The potential risks associated with blood transfusion include transfusion reactions, iron overload and transfusion acquired infections. In the presence of severe chronic anaemia, transfusion may lead to congestive cardiac failure, particularly in the elderly. A review of transfusion outcome in patients with acute coronary artery syndromes revealed a greater mortality rate in transfusion recipients.1 Another review suggested that treatment of mild to moderate anaemia resulted in increased mortality.2 Also transplant recipient sensitisation may occur following transfusion resulting in longer transplant register waiting times and difficulty in finding a cross match negative donor. A study from Ireland looking at causes of sensitisation of potential allograft recipients showed that the level of sensitisation increased with the number of units of blood transfused and also demonstrated a direct relationship between degree of sensitisation and waiting time for transplantation.3 Blood transfusions can induce antibodies to histocompatibility leukocyte antigens that can reduce the success of kidney transplantation; thus transfusions generally should be avoided in patients awaiting a renal transplant.4

The use of ESAs can greatly reduce the need for red blood cell transfusions in patients with anaemia of CKD when target Hb concentrations are achieved and maintained.5-6 Since the introduction of ESAs and reduction in routine blood transfusion in anaemic patients with CKD sensitisation has markedly reduced.7 With the advent of new immunosuppressant regimens after 1995, the use of pretransplantation transfusion have been rendered largely obsolete.8 The K-DOQI anaemia guideline recommends that no single Hb concentration justifies or requires transfusion and the target Hb recommended for chronic anaemia management should not serve as a transfusion trigger.8 NICE agrees that there are clinical reasons to minimise blood transfusion in anaemia of CKD and if blood transfusion is essential the relevant haematology guidelines should be followed (e.g. the British Committee for Standards in Haematology (BCSH) guidelines www.bcshguidelines.com).9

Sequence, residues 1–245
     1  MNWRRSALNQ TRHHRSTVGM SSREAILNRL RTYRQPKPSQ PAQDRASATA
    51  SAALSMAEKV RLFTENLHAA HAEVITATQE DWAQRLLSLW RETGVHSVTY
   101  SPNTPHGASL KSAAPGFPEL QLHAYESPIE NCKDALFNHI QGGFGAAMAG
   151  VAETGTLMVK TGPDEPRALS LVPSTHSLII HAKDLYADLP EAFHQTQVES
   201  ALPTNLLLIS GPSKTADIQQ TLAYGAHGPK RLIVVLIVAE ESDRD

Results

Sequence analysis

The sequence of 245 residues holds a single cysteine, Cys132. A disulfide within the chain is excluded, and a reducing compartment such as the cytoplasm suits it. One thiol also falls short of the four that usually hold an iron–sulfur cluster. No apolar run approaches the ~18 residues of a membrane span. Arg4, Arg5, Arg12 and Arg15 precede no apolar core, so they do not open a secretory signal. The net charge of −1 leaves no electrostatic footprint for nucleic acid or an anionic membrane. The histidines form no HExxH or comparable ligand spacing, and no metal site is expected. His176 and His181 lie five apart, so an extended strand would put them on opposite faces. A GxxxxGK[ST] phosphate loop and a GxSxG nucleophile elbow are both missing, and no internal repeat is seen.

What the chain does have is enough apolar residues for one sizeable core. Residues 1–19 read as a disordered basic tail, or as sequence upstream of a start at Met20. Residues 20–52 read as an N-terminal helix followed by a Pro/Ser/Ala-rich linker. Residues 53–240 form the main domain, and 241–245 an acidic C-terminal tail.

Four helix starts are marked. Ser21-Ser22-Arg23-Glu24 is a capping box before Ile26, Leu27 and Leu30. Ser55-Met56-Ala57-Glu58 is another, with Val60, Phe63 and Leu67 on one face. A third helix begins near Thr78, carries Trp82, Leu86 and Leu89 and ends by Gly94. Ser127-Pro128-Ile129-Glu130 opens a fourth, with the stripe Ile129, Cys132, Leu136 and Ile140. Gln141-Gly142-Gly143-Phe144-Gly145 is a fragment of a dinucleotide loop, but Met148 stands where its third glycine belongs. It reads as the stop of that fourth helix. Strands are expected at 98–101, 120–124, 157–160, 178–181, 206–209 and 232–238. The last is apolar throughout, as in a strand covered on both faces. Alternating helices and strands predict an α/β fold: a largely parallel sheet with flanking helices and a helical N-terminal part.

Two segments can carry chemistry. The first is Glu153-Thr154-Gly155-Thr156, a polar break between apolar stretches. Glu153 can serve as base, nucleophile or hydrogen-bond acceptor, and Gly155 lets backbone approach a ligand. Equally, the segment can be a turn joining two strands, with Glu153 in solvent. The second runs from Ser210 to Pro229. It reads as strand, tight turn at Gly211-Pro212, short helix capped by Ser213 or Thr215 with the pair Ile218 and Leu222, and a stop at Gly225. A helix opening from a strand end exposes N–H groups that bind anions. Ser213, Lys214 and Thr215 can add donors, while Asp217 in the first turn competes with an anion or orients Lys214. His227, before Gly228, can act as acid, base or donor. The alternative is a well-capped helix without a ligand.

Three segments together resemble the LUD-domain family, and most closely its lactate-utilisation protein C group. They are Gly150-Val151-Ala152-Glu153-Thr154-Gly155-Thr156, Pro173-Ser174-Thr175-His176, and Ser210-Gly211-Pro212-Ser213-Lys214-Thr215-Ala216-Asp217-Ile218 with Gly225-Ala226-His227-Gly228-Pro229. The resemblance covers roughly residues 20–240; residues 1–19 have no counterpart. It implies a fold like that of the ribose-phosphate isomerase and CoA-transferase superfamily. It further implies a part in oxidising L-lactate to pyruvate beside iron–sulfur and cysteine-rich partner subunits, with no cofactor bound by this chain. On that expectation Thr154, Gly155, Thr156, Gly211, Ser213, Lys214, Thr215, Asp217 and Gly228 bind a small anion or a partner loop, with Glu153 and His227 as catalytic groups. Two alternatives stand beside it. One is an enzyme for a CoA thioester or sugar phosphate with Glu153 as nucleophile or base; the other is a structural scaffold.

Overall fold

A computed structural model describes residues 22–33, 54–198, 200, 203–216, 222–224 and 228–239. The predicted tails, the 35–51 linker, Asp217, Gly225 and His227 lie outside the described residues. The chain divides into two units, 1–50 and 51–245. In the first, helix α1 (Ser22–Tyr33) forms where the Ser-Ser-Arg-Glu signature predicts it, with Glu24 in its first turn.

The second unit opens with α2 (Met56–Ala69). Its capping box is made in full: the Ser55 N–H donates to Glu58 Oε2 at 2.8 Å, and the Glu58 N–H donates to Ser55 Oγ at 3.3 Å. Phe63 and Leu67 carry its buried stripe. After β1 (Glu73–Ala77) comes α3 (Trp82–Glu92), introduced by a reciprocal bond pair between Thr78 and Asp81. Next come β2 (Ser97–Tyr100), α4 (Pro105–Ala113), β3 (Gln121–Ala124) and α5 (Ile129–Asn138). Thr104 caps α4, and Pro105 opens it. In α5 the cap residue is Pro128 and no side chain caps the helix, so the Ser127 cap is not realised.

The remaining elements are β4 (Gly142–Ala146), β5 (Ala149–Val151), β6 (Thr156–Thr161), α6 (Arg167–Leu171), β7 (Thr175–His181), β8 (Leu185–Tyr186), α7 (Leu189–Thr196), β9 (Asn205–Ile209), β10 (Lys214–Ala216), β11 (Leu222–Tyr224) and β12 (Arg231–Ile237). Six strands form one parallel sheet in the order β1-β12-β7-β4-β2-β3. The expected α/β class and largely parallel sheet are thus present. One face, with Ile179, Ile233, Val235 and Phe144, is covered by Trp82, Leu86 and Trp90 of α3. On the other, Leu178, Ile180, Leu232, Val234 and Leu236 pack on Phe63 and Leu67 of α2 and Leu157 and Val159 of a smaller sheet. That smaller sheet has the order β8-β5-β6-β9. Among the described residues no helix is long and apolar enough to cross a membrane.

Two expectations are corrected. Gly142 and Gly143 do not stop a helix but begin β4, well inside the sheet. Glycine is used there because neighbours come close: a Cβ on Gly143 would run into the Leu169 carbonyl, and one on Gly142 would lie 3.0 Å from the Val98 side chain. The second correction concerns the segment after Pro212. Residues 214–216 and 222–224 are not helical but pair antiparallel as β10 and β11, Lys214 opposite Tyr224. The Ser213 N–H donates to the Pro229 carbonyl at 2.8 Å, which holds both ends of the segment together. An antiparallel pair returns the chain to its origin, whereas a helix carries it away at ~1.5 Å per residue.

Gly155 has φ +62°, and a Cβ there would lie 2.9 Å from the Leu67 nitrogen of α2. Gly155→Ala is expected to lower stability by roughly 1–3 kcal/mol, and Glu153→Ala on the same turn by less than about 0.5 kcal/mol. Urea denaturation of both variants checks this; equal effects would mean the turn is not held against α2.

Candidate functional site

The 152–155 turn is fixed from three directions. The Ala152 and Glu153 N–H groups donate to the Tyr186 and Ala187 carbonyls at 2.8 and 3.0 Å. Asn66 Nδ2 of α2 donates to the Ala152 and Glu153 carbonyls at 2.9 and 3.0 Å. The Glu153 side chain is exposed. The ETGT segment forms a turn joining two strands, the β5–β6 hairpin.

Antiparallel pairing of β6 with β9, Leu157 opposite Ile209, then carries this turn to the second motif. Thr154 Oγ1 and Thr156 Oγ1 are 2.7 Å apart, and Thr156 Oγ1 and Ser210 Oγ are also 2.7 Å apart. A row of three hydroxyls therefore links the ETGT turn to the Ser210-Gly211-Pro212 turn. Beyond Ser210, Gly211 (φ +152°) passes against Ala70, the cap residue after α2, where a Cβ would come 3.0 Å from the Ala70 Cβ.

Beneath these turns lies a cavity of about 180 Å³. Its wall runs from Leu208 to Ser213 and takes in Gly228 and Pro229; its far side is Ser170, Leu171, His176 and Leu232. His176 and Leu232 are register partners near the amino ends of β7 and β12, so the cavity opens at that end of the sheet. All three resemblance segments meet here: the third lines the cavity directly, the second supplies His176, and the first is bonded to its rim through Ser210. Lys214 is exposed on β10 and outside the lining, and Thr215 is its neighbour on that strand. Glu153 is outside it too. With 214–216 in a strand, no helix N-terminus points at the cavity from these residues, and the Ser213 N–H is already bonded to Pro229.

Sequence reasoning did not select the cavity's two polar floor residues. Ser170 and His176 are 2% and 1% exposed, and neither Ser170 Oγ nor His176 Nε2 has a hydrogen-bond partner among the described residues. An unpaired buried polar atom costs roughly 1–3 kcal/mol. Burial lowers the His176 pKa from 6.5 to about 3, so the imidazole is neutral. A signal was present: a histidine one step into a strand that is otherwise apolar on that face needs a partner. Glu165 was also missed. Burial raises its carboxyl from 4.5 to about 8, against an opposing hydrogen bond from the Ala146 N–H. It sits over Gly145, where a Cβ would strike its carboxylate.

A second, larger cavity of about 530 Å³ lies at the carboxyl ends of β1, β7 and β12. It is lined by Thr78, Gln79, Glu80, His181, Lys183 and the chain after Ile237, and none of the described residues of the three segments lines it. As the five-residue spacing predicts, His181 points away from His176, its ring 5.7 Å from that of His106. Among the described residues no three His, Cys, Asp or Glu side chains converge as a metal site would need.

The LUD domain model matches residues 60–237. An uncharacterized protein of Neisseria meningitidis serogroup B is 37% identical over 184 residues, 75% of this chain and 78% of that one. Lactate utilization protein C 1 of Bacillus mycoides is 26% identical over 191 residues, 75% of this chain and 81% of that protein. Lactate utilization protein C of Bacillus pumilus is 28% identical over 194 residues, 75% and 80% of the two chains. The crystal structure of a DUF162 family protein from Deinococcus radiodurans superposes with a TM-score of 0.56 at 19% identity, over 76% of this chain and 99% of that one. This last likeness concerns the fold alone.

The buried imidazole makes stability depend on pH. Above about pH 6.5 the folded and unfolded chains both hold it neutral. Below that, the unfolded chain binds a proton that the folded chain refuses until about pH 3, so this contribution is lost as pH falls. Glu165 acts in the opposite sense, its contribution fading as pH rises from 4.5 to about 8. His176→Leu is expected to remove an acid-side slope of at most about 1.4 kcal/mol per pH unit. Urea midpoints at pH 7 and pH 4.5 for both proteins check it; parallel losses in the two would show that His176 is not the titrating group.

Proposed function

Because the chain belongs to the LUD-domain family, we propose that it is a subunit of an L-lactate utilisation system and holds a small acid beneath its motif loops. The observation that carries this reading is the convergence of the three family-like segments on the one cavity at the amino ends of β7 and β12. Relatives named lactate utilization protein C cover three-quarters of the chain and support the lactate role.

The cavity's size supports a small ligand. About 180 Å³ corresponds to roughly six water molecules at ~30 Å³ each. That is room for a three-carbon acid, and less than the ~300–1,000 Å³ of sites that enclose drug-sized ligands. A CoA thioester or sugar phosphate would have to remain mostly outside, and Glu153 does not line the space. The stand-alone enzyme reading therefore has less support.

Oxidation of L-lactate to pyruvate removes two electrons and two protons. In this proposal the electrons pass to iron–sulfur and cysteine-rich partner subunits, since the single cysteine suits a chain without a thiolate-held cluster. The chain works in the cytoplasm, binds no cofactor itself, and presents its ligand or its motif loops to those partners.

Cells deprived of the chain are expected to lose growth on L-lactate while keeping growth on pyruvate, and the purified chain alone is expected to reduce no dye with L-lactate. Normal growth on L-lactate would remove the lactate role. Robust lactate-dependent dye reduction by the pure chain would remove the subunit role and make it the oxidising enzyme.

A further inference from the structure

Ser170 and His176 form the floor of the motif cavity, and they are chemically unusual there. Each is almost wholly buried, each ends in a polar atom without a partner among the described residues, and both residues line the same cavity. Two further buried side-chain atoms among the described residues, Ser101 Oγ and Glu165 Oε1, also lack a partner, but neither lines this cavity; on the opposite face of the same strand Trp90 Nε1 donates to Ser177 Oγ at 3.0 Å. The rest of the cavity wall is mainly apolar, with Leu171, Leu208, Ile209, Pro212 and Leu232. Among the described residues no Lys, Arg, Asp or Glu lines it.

References
  1. Rao SV, Jollis JG, Harrington RA, et al. Relationship of blood transfusion and clinical outcomes in patients with acute coronary syndromes. JAMA 2004; 292(13): 1555-62.
  2. Zarychanski R, Houston DS. Anemia of chronic disease: a harmful disorder or an adaptive, beneficial response? CMAJ 2008; 179(4): 333–337.
  3. Soosay A, O'Neill D, Counihan A, Hickey D, Keogan M. Causes of sensitisation in patients awaiting renal transplantation in Ireland. Ir Med J 2003; 96(4):109-12.
  4. Eschbach JW. The anemia of chronic renal failure: Pathophysiology and the effects of recombinant erythropoietin. Kidney Int 1989; 35(1):134-48.
  5. House AA, Pham B, Pagé DE. Transfusion and recombinant human erythropoietin requirements differ between dialysis modalities. Nephrol Dial Transplant 1998; 13(7):1763-9.
  1. Popovsky MA, Ransil BJ. Long-term impact of recombinant human erythropoietin on transfusion support in patients with chronic renal failure. Immunohematology 1996; 12(1):1-3.
  2. Manchester Kidney Transplant, NWKTA Audit Project, Jan 2003.
  3. NKF-K/DOQI Clinical Practice Guidelines for Anemia of Chronic Kidney Disease: 2006.
  4. Guideline on anaemia management in chronic kidney disease. 2006. National Institute for Health and Clinical Excellence.

6. Anaemia of CKD (Guideline 6.1)

Guideline 6.1 Post-transplantation Anaemia

We recommend that the treatment guidelines for anaemia in renal transplant patients should be similar to those for CKD patients not on dialysis. (1B)

Rationale

Post transplantation Anaemia (PTA) is common.1-3 Apart from the usual causes of anaemia due to CKD renal transplant recipients have various unique factors predisposing to anaemia.

Factors causing PTA:

  1. GFR: anaemia in transplant patients reflects the degree of GFR similar to other patients with CKD.3
  2. Immunosuppressive medications: Mycophenolate and azathioprine are myelosuppressive agents. Calcineurin inhibitors may cause anaemia by microangiopathic haemolysis.4-8 OKT3 may also cause haemolytic uraemic syndrome (HUS).9,10 Sirolimus has also been associated with anaemia.11-13 It may interfere with post erythropoietin receptor binding intracellular signalling and may occasionally cause HUS.13,14
  3. Angiotensin converting enzyme (ACE) inhibitor and angiotensin receptor blocker (ARB) use: ACE inhibition has been linked with anaemia.3,15 Its pathogenesis is multifactorial and may include inhibition of endogenous EPO production, production of an erythropoiesis-inhibiting protein16 and inhibition of angiotensin II mediated stimulation of erythrocyte precursors.17
  4. Antibiotic use: various common antibiotics may cause anaemia including trimethoprim-sulfamethoxazole.
  5. Infections: viral infections such as cytomegalovirus and parvovirus B19 and antiviral agents such as ganciclovir may cause anaemia in transplant patients.18,19